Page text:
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Researcher's Profile

Professor

Hiroyuki ABURATANI

Genome Science

E-mail: haburata-tky.umin.ac.jp

Office: Building 4, 3F

Tel: 03-5452-5352

FAX: 03-5452-5355

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Biography

1980. 03
Medical School, The University of Tokyo (UTokyo)
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1980. 06
Third Department of Internal Medicine, UTokyo Hospital
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1983. 09
Research Associate, Third Department of Internal Medicine, UTokyo Hospital
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1988. 08
Research Fellow, MIT Center for Cancer Research
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1995. 01
Research Associate, Third Department of Internal Medicine, UTokyo Hospital
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1999. 03
Associate Professor, RCAST, UTokyo
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2001. 09
Professor, RCAST, UTokyo
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2002. 04
Professor, Center for Collaborative Research, UTokyo
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2006. 04
Professor, RCAST, UTokyo

Research Interests

We are working with systems biology and medicine to understand complex biological systems through a functional genomics approach. High throughput technology and novel algorithms are required for collecting, integrating and visualizing the enormous amount of data on gene expression, protein expression, and protein interactions arising in the wake of the Human Genome Project. Alliance with external academics and industry will be crucial to the success of the new "systems biology", that is, understanding biological systems as more than the sum of their parts.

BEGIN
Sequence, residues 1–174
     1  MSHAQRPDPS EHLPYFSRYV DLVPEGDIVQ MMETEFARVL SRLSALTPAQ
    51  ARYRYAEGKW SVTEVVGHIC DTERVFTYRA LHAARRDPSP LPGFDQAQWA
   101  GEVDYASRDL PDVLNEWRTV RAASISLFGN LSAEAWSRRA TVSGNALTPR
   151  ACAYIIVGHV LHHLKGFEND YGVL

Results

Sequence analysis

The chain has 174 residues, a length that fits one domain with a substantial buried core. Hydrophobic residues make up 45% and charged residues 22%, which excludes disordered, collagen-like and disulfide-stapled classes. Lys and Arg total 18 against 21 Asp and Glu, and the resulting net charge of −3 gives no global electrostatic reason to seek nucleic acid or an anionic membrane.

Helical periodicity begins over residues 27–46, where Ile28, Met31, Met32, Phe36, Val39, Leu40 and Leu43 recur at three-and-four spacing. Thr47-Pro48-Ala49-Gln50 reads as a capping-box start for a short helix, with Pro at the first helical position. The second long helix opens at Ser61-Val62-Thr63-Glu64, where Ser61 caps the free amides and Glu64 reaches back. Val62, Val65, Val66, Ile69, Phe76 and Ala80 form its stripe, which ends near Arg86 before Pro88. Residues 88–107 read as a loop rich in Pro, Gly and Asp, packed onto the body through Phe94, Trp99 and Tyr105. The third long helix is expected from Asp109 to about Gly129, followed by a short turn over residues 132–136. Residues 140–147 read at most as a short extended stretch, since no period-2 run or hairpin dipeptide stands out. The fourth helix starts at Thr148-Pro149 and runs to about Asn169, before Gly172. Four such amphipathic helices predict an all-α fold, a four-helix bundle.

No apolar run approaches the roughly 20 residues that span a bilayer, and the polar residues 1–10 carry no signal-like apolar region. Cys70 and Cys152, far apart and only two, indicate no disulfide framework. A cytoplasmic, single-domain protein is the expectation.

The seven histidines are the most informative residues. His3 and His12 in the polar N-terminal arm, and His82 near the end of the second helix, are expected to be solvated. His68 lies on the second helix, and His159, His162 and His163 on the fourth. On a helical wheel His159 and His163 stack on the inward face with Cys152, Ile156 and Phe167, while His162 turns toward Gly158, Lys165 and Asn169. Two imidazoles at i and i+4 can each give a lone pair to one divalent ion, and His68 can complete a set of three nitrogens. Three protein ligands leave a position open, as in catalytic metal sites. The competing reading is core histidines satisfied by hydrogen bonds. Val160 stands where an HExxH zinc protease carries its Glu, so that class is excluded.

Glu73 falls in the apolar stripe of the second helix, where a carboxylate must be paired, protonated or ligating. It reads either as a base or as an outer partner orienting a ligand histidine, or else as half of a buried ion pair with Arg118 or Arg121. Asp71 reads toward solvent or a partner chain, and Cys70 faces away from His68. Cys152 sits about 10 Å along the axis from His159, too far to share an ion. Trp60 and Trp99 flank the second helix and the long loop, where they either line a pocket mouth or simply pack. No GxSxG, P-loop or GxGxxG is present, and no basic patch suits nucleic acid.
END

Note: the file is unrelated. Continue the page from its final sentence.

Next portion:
1. Personal cancer genome: The variety of genetic and epigenetic alterations that accumulate in cancer genomes cause activation of oncogenes and inactivation of tumor suppressor genes, leading to cellular transformation. Next generation sequencing technology has enabled us to obtain individual genomic information within feasible cost and time constraints. Since 2008 my group have participated in the International Cancer Genome Consortium and are studying the genomic alterations in liver and pancreatic cancer.
2. Epigenomics: Epigenetic processes are essential for the packaging and interpretation of the genome, fundamental to normal development and cell differentiation, and increasingly recognized as being involved in human disease. Epigenetic mechanisms, which include histone modification, positioning of histone variants, nucleosome remodelling, DNA methylation, and non-coding RNAs, are considered as "cellular memory". We have applied genomic technologies, such as ChIP-sequencing, to map these epigenetic marks throughout the genome and to elucidate how these marks are written and read.
3. Translational research: Functional genomic approaches are applied to identify novel biomarkers for disease diagnostics and therapeutics.



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